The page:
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Keystone XL Pipeline

Floor Speech

Location: Washington, DC


Mr. QUAYLE. I thank the gentleman, my good friend from Colorado, for yielding.

Back home in Phoenix, Arizona, in my home district, one of the big things that we worry about is the cost of gasoline. I went to the pump the other day and it was about $3.60. It's about twice as much as it would cost back before President Obama was elected. And if you look at the statistics, in 2011, the average American household spent a record $4,155 at the pump. This is equal to 8.4 percent of the median family income. So this is a huge issue, that we need to continue to find stable sources of oil so that we can have a secure source of oil and we can make sure that we have more supply of oil so that we can start to bring the prices down for gas at the pump.

Back before the President made his decision, I would go around and talk to people around my district and I would say, What if I told you that with the swipe of a pen the President and his administration could create 20,000 immediate jobs and over 100,000 jobs over the long term and there wouldn't be any taxpayer dollars put at risk or expended; what do you think we should do? Every single one of the people that I talked to said this President should sign that as soon as possible and let's get to work making sure that the Keystone pipeline gets put into effect and get people back to work.

And then something funny happened. The administration decided to placate the radical fringe element of their party, and the President punted to 2013--didn't even make the decision whether a yes or no, just pushed it down the road. But House Republicans decided that we were going to give the President a second chance, a second opportunity to do the right thing, an opportunity to realize that the State Department had already done an environmental impact study that showed that there was very little chance for any environmental damage to some of the sensitive areas where the pipeline would be going. Maybe we could have the President realize that this is not the time to play politics; this is the time to get American people back to work. And that's exactly what the Keystone pipeline would do. And yet, once again, the President punted.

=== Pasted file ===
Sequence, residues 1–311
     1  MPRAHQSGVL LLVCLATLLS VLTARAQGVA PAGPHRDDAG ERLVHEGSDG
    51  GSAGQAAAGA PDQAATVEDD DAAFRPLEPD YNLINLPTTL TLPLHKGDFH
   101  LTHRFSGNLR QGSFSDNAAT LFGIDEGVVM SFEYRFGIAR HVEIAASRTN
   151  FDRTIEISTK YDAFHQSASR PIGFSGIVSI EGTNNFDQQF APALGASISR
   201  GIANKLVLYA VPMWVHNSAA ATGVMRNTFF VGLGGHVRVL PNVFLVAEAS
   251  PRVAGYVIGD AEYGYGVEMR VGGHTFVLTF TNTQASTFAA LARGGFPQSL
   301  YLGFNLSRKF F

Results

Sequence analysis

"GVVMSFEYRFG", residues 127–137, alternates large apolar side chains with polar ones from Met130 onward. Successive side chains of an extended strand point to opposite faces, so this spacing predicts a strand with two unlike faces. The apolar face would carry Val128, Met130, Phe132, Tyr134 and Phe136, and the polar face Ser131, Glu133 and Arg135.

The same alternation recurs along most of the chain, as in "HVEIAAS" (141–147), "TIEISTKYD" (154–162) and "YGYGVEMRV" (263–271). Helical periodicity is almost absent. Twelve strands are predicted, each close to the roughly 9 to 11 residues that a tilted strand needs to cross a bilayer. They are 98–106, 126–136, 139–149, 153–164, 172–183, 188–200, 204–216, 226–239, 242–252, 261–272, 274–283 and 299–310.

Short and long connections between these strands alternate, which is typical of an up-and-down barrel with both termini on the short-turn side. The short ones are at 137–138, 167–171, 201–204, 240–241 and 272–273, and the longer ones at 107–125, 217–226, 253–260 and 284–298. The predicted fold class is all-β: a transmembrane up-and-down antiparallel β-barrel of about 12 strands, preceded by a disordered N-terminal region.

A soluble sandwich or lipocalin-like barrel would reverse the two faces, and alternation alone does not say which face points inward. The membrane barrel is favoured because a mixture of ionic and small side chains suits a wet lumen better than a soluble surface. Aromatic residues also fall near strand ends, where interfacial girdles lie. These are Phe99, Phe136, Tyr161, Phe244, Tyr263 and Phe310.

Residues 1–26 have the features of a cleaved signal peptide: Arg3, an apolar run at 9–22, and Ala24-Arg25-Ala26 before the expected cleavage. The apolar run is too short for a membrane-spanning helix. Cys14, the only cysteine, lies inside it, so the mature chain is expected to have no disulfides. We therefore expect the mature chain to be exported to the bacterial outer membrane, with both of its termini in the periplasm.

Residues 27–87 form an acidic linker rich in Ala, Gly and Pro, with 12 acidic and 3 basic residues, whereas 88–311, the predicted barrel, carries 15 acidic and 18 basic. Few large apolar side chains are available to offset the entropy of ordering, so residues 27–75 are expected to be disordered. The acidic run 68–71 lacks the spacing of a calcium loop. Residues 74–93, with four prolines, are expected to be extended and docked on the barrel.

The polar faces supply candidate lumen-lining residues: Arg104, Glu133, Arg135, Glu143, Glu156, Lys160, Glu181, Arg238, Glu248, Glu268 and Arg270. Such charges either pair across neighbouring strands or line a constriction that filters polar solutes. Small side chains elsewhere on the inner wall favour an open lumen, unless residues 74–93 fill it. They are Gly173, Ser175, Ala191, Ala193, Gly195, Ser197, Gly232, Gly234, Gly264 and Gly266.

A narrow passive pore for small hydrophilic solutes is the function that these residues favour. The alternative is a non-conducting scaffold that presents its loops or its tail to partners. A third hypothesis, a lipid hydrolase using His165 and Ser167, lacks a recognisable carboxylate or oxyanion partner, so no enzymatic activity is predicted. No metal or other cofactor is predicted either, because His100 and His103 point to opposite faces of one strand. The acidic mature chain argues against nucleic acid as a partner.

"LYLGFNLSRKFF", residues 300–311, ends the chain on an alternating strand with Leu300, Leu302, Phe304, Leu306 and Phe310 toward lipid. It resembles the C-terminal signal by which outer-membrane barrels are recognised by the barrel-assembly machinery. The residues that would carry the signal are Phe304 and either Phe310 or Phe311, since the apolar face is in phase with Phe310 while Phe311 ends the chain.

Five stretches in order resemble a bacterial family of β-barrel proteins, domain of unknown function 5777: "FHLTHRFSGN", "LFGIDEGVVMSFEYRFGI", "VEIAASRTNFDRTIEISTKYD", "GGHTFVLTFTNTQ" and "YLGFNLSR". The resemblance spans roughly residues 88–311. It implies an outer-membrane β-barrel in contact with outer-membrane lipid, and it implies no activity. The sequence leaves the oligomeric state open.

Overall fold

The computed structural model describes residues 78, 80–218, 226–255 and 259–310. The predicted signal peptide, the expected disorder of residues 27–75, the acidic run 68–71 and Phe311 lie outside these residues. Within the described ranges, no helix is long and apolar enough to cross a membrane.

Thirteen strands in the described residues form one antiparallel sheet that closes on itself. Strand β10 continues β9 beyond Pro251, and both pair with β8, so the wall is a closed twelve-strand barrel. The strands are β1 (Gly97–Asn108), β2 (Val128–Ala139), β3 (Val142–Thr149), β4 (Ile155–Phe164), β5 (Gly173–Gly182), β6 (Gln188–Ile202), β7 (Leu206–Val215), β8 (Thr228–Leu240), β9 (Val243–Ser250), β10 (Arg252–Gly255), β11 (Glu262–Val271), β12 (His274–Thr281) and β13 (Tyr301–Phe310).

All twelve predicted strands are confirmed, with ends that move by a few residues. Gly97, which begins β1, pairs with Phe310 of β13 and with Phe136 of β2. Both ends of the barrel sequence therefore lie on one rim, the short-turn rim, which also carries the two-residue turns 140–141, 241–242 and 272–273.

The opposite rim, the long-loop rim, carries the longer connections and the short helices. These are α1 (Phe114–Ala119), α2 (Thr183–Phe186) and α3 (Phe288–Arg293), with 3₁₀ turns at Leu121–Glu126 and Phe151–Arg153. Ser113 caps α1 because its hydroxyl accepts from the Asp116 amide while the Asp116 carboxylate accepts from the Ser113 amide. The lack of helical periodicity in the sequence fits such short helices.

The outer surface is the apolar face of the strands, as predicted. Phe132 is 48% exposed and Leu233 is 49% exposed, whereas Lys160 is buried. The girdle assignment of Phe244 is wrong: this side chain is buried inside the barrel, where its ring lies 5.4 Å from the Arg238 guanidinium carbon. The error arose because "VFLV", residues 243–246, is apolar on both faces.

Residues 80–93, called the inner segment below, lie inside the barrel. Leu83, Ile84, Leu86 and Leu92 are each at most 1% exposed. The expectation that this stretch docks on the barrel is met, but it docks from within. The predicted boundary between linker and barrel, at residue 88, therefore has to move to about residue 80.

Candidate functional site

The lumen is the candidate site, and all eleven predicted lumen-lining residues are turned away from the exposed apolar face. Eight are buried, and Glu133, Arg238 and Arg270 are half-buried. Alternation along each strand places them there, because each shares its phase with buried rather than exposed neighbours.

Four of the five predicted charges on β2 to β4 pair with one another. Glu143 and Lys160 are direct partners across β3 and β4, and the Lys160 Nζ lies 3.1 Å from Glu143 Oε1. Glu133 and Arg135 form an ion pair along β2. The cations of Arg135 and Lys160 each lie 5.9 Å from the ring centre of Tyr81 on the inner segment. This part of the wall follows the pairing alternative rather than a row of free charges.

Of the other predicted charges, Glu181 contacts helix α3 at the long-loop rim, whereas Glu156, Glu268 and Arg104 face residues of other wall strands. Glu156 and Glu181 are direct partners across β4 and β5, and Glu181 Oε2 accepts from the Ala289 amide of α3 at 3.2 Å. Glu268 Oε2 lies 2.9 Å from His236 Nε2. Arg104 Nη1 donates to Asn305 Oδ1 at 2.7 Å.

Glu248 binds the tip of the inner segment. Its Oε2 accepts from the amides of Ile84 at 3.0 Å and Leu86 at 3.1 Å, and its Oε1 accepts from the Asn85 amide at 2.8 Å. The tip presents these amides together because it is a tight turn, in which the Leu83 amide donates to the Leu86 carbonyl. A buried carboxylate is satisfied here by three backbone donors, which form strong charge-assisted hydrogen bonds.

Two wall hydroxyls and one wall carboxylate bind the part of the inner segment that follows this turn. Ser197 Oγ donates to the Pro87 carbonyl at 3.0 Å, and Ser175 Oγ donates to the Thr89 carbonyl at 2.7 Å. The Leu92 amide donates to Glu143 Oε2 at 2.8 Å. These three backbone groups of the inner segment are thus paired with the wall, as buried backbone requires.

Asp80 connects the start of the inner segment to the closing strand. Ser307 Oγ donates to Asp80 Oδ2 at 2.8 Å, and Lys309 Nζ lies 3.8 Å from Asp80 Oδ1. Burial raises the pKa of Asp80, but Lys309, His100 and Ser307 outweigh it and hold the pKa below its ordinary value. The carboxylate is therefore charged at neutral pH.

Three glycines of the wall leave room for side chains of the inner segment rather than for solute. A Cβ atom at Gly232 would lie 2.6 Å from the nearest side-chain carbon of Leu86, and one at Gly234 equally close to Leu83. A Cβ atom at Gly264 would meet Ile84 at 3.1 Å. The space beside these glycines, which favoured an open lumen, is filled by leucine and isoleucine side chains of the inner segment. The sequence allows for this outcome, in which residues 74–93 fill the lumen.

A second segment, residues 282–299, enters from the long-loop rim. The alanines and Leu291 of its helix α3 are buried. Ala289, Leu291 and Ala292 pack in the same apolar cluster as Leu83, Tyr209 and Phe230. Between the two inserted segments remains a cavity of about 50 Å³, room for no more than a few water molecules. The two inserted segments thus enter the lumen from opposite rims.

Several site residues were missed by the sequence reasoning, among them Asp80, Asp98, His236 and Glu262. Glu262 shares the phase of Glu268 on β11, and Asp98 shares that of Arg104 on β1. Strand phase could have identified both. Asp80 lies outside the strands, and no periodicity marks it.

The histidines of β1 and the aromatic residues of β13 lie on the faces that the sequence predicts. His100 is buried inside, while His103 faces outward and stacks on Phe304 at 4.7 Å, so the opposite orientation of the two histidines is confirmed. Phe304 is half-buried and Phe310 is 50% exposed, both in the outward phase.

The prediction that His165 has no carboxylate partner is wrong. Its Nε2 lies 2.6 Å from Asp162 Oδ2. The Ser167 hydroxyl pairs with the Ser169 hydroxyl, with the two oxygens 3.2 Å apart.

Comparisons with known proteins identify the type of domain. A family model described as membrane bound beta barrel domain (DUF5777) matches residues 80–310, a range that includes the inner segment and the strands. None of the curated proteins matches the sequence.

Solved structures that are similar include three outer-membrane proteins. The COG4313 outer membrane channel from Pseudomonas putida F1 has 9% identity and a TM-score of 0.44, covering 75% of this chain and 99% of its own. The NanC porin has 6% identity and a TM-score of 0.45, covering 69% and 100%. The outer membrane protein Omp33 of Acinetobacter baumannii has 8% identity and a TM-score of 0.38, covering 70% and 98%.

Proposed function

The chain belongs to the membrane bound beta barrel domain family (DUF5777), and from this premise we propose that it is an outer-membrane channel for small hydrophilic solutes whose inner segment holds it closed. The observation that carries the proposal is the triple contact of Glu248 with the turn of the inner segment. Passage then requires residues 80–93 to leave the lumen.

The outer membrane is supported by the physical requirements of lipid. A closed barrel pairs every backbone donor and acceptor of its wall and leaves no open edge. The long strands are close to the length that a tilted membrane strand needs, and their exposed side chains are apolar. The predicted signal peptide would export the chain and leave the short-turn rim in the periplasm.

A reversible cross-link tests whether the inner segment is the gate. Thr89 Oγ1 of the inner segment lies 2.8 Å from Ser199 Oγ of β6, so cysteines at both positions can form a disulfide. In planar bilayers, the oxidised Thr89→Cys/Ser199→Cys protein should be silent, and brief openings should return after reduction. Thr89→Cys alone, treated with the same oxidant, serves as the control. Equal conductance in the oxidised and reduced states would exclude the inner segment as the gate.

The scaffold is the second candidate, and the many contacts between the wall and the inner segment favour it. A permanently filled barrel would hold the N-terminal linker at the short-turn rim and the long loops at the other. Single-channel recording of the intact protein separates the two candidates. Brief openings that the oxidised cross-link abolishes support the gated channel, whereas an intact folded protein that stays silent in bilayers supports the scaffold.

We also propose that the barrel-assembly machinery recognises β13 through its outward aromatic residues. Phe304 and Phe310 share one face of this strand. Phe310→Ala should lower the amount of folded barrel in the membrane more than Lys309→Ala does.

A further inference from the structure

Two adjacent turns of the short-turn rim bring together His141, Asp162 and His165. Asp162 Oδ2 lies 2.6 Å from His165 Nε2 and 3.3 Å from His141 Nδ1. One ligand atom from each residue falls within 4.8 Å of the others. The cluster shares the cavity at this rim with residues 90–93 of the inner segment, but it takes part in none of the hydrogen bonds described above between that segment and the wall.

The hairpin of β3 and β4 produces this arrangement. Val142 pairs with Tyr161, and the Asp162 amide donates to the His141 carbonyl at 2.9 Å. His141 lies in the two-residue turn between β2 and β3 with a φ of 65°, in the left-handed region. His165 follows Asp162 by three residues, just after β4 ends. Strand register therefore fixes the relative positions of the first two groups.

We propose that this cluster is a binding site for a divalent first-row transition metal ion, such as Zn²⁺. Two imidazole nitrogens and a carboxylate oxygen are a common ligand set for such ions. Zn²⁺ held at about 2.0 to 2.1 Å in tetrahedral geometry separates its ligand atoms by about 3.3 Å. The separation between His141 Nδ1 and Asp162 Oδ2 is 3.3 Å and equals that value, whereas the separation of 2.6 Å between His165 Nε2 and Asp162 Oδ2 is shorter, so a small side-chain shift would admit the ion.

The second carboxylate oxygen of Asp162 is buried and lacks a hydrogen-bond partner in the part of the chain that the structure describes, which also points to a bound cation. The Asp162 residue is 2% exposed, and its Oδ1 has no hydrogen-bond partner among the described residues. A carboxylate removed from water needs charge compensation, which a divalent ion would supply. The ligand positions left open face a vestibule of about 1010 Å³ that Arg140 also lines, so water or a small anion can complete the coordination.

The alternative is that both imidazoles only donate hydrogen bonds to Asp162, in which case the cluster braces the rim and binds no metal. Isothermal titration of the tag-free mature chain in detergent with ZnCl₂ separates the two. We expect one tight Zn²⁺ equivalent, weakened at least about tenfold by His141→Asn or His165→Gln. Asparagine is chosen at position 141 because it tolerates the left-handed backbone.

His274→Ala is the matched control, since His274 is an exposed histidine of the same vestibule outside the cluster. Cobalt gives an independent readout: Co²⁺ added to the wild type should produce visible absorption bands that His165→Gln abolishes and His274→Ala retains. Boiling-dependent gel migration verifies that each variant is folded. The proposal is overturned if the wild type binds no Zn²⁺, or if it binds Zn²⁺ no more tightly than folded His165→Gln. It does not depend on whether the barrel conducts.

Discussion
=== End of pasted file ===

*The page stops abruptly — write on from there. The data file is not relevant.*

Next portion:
Now, we can't give him too many more chances. We've already given two chances for this one already. But when we all sat here at the State of the Union and we heard him say that we were going to adopt the all-of-the-above approach, as some of my colleagues mentioned earlier, we actually realized that that's not really the case, because it seems as if there are only favored sectors that actually get some attention from this administration. You have companies like Solyndra.

Solyndra received a $535 million loan guarantee from the government as well as nearly $15 million in severance money for its employees when that company went bankrupt. A total of nearly 550 million taxpayer dollars were squandered. This is a risk that the American taxpayer should never have taken. And there is very little chance we're going to get any of that back because our rights were actually put lower than people who were giving loans after the American taxpayers.

Now, then, we have another company, Ener1, received $118.5 million in stimulus grants before going belly up just a few moments ago.

According to The Washington Post, Obama's $38.6 billion green job loan guarantee program has created just 3,545 permanent jobs. That's a cost of $5 million per job, $5 million per job in a favored sector. You know how many taxpayer dollars would be spent to create hundreds of thousands of jobs for the Keystone pipeline? Zero. And yet the President couldn't sign a simple sheet of paper to get this done. This is a no-brainer, as many people have said.

So I hope that the President will reconsider. I hope that the House Republicans will continue to push this issue because this is something that we can do right away. It is shovel ready, to borrow a phrase, and this is something that will make sure that we are looking towards the future for our energy security.

And I thank the gentleman from Colorado for addressing this important issue and for starting this conversation tonight.


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